Blanc is all about white, pushing zen elegance to its ultimate limits. This is what chef Shinichi Sato promises in the former Hiramatsu restaurant, a well-known address on Rue de Longchamp, transformed by the prestigious Kengo Kuma and Associates architectural agency. Four years after closing Passage 53, a restaurant the size of a handkerchief that earned him the honor of being the first Japanese chef to receive two Michelin stars for his avant-garde cuisine, Sato, who started his career in France at Astrance alongside Pascal Barbot, has embarked on a grand project to showcase his exceptional gastronomy.
The most charming restaurant: Oma at Château des Fleurs, chef Ji-Hye Park
Korean chef Ji-Hye Park has relocated her Pigalle restaurant near Place de l’Étoile, to the cozy setting of Château des Fleurs, one of those new “personality” hotels. After settling in France nearly 25 years ago, Ji-Hye Park has created a culinary identity full of generosity and authenticity, first as a private chef and later as the head of her own Parisian restaurant, Oma, which means “Mom” in Korean. Her menu is a bridge between Korea and France, featuring dishes such as Korean beef tartare with brioche bread, aioli, and parmesan (19 euros) or Oma rice with beef paleron, soft-boiled egg, seaweed, marinated radishes, and sesame seeds (23 euros).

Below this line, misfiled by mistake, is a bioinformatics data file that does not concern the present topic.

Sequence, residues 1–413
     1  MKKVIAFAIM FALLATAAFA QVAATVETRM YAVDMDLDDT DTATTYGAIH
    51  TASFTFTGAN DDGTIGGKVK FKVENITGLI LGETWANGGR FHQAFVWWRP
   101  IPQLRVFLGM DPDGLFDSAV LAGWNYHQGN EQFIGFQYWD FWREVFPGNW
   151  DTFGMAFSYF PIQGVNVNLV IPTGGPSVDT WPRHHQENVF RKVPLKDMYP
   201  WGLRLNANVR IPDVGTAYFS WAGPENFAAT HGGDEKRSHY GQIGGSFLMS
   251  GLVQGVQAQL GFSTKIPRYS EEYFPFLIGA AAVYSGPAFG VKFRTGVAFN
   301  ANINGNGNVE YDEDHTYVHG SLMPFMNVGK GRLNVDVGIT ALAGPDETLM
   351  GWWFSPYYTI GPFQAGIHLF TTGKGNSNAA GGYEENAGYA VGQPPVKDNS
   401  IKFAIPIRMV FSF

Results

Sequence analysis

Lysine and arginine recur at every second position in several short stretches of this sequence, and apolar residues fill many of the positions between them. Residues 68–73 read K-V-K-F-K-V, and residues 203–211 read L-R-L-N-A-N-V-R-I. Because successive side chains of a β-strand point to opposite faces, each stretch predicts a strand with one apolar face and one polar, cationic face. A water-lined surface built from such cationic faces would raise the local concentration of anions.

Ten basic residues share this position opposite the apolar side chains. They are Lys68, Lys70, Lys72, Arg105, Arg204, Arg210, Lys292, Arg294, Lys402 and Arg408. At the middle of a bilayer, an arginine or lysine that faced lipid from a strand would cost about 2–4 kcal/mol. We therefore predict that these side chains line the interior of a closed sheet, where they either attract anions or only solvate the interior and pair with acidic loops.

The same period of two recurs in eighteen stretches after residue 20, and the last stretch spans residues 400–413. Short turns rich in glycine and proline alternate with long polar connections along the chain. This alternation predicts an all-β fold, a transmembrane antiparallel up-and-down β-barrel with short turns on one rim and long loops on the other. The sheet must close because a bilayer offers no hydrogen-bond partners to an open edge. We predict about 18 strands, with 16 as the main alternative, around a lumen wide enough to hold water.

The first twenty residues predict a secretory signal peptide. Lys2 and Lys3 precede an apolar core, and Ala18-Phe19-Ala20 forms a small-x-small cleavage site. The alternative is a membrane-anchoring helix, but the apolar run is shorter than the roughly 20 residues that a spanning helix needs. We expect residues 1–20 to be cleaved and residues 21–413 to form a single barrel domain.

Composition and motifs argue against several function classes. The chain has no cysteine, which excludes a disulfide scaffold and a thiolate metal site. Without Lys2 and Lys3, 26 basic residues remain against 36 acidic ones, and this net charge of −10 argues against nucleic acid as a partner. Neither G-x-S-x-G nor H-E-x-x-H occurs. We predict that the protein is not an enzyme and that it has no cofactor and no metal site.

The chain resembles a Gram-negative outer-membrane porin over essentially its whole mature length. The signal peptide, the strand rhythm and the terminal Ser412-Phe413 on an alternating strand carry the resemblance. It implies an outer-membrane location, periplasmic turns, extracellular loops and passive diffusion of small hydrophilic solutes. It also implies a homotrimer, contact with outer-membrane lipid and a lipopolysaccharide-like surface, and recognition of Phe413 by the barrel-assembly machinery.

The most secret restaurant: Tracé, chef Clément Vergeat
It’s the same address, but with a new name. And a new cuisine. After the closure of Tamara at the end of July, Tracé took its place. “Over time, our team shifted from a bistro-style approach to a more gourmet one,” explains Clément Vergeat in an interview with Le Chef magazine. Open only in the evenings, the former Top Chef contestant from 2018 offers a tasting menu with eight courses for 130 euros, as well as the option to reserve the cellar for a menu at 110 euros. Vergeat describes one of his signature dishes centered around langoustine: “Composed of 95% proteins, it allows you to rediscover familiar tastes from a different perspective, balancing on the edge…” As for the rest of the menu, it’s best to leave it as a surprise, in line with the restaurant’s motto: “Tracé mais pas divulgâché” (Trace but not divulged).